Protectionism hurting Indias trade with EU: FICCIIndia Inc. is opposed to protectionism practised by the European Union (EU) by way of agriculture subsidies and non-tariff barriers on services exports and faces adverse conditions in the European market, especially the pharma and IT sectors, a survey by an industry body has revealed.

The Federation of Indian Chambers of Commerce and Industry (Ficci) survey on India-EU Trade Relations reveals that Indian exporters face the adverse impact of the huge amount of subsidies enjoyed by EU farmers through free seeds and fertilizers and a freight subsidy to producers.

In addition, exporters face cumbersome quality testing which increases the cost for Indian companies. In particular, many mid-sized India pharma companies have been severely hit due to the recent seizure of shipments at transit ports located in the EU, according to the report.

The survey respondents felt that the main impediment in the expansion of services to the EU were visa and consular issues, and non-clarity of taxation and cross-border transaction laws as applicable to Indian service providers.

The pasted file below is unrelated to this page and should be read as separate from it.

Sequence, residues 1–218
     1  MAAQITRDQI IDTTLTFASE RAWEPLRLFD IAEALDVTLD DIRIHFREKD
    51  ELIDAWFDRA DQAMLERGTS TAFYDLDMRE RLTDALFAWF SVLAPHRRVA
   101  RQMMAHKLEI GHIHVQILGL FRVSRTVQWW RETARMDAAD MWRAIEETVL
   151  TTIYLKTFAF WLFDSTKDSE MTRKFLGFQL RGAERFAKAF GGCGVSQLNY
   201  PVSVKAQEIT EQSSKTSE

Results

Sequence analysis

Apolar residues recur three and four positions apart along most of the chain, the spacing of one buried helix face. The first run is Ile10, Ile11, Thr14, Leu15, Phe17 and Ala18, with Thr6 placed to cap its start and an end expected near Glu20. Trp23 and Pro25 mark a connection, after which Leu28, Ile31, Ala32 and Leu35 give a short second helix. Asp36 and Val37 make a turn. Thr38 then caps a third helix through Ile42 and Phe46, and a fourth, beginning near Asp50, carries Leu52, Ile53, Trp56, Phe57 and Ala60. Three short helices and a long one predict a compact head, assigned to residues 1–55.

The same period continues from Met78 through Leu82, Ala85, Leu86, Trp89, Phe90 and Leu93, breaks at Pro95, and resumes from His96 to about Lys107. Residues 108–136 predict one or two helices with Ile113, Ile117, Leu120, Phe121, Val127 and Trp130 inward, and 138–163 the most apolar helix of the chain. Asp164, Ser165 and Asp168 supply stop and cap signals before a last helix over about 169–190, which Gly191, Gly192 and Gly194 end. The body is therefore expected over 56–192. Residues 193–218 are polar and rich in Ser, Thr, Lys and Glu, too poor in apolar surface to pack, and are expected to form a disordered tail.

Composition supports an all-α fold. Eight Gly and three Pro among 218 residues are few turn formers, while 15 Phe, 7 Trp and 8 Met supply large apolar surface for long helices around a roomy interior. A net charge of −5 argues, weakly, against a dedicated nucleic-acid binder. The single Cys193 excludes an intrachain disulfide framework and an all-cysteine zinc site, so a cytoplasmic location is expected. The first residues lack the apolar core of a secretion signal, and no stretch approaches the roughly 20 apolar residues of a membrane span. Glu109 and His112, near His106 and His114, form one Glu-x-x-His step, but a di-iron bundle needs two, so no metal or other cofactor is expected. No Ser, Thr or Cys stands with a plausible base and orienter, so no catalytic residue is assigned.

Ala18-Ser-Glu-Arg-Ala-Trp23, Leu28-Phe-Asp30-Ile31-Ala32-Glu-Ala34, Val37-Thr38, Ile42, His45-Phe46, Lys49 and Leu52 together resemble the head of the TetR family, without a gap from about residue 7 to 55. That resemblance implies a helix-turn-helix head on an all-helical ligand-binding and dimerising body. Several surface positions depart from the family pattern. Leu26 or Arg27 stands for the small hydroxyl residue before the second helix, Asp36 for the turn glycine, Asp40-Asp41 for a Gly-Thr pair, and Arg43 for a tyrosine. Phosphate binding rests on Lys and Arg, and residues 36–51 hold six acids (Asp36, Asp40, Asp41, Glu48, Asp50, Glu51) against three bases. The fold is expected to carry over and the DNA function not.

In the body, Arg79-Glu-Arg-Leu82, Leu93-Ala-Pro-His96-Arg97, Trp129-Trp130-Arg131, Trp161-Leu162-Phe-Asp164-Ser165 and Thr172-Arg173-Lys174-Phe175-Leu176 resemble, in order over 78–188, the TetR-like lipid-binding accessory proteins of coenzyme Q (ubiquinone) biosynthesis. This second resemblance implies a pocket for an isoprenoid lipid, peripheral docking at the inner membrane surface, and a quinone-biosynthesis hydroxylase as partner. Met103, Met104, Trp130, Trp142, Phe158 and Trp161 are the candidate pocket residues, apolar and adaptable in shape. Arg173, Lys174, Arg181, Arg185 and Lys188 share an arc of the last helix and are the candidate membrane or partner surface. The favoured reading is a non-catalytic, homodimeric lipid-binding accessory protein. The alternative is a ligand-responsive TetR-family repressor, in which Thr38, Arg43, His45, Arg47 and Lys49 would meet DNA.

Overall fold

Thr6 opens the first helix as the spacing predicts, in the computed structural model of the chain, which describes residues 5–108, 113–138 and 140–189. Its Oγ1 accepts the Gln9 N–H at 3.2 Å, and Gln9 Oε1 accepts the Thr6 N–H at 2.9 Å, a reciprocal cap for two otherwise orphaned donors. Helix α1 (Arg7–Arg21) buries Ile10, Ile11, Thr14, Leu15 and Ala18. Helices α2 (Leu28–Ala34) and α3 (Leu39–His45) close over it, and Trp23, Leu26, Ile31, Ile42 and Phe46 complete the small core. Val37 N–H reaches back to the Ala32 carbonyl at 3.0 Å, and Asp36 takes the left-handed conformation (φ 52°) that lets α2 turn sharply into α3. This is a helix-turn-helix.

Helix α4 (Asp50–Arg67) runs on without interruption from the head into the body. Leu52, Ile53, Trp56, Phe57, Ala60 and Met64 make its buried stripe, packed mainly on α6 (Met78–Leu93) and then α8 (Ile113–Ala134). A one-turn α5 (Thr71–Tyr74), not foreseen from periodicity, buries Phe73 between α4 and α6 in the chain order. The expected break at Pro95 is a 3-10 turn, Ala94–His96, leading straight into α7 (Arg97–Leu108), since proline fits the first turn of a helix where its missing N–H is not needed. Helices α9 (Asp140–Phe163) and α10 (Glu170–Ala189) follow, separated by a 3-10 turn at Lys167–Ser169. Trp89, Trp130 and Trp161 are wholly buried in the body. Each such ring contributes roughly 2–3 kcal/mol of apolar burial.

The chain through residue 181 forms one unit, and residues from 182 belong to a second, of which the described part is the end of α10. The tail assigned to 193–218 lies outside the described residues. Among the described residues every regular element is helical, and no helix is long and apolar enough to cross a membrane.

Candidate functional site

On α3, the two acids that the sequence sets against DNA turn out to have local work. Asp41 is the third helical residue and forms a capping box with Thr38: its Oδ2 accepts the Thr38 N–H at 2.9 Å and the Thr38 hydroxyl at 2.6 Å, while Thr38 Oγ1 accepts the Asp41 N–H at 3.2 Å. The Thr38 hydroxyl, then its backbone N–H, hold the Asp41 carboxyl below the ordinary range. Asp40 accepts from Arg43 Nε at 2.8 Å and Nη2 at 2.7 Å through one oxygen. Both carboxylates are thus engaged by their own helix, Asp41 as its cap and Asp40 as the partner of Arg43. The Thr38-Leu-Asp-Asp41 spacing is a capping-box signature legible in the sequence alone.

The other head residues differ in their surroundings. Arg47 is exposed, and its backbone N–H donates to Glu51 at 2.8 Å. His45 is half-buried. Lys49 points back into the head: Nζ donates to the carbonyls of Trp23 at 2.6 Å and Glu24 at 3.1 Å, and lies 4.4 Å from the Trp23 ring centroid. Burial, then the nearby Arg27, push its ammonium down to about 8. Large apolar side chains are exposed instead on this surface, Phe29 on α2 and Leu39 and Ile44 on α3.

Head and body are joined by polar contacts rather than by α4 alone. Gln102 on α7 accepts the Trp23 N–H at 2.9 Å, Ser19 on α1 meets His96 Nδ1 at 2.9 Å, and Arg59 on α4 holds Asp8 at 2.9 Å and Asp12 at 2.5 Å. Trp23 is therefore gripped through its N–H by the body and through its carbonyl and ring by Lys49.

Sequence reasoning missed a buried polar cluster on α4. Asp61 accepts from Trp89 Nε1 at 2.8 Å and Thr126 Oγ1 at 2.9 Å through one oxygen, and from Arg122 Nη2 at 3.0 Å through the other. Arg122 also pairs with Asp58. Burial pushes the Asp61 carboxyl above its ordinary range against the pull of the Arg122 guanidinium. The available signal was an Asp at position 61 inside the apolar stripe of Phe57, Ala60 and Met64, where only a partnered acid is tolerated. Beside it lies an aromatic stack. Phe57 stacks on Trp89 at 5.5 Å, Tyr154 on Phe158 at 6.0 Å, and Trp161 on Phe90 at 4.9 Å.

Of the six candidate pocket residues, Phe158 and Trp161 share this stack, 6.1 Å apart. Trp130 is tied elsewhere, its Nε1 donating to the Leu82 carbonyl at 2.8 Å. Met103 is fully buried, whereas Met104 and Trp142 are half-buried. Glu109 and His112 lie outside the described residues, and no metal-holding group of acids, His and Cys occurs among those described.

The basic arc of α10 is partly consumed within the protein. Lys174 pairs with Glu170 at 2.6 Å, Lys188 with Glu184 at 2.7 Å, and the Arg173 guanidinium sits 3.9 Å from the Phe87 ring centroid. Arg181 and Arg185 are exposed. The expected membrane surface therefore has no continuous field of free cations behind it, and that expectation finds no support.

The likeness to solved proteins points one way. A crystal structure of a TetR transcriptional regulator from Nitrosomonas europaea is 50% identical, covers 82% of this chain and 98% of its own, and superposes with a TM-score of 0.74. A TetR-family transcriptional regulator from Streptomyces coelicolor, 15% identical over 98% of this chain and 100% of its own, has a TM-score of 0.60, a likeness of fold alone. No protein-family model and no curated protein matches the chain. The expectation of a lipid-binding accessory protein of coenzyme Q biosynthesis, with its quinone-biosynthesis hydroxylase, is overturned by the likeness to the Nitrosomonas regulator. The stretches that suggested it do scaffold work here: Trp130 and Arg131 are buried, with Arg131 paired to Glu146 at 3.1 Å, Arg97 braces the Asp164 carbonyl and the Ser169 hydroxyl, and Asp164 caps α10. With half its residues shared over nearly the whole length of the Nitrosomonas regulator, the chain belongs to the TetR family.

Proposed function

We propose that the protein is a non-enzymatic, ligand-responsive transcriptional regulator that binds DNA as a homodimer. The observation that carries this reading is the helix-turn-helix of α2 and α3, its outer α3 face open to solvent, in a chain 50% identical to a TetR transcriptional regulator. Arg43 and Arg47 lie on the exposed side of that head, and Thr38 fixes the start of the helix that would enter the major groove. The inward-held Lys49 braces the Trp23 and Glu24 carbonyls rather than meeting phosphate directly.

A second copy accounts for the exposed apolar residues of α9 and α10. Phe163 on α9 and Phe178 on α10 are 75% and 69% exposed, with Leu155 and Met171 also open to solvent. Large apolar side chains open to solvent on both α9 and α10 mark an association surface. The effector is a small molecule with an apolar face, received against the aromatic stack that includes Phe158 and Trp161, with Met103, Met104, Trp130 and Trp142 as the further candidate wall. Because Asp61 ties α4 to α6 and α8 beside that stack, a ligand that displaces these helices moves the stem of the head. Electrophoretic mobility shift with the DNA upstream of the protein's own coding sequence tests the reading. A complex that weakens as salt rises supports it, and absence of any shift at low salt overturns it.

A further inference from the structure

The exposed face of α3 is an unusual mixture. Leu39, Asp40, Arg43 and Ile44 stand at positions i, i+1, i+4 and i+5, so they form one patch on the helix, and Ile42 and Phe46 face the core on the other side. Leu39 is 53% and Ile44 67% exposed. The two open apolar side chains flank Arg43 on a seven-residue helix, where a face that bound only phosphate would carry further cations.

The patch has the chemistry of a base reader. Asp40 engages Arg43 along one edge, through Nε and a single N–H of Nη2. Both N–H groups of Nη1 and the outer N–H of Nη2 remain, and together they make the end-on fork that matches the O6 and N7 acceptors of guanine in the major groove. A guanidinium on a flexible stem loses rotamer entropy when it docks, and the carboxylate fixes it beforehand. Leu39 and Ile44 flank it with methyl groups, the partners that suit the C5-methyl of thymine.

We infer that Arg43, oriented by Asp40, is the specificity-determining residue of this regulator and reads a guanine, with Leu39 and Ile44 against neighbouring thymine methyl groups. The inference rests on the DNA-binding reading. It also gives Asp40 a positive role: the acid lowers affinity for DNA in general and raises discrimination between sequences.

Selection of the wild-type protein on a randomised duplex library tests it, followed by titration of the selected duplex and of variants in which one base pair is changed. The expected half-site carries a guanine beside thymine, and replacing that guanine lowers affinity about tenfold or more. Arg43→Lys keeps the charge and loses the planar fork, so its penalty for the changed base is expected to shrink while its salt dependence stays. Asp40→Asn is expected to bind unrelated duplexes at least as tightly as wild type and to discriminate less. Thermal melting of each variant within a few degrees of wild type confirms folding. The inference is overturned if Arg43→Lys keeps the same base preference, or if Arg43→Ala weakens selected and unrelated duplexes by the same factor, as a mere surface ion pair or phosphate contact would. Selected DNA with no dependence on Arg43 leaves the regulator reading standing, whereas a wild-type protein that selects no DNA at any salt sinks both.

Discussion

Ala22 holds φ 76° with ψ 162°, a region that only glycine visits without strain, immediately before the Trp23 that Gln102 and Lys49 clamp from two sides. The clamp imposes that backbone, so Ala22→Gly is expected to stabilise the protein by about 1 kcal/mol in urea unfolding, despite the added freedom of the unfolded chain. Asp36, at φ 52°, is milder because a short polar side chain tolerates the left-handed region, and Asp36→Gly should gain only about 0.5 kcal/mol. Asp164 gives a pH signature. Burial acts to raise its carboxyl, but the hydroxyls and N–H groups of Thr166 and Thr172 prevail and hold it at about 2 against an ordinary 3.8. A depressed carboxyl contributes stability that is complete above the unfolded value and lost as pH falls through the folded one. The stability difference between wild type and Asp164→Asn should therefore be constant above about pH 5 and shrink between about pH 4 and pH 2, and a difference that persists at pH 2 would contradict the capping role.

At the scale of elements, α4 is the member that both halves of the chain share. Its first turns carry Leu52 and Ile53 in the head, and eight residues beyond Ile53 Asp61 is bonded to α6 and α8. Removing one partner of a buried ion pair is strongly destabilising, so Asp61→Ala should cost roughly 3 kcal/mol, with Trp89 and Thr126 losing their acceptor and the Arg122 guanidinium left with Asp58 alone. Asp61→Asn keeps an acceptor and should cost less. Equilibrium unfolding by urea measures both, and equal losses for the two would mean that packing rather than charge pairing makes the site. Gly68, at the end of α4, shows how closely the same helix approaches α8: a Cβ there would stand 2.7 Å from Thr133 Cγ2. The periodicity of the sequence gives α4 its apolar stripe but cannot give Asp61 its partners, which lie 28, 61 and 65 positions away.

In the IT sector, companies face difficulties in obtaining work permits for their professionals. While issuing work permits can take time, delays are rarely appreciated by clients in the EU who sign time-bound contracts and expect timely delivery.
Yet, a majority of the respondents said that the EU is a very attractive market and they were planning to expand trade with it in the next two years either by way of exploring new markets within the EU, setting up distribution centres or tie-up with existing market players to have a wider reach in the existing and new markets.
The EU is a strategic trade and Investment partner for India. Commercial interaction between the two nations has grown exponentially since 2000 – with current annual trade being 52 billion euros approximately, growing by more than three times between 2000 and 2008.
But in spite the growing bilateral trade volume, industry is unanimous in its opinion that there still exists a discrepancy between what is projected as an open and uniform regime and what is experienced by Indian companies during their real life interaction with the EU, the industry body said.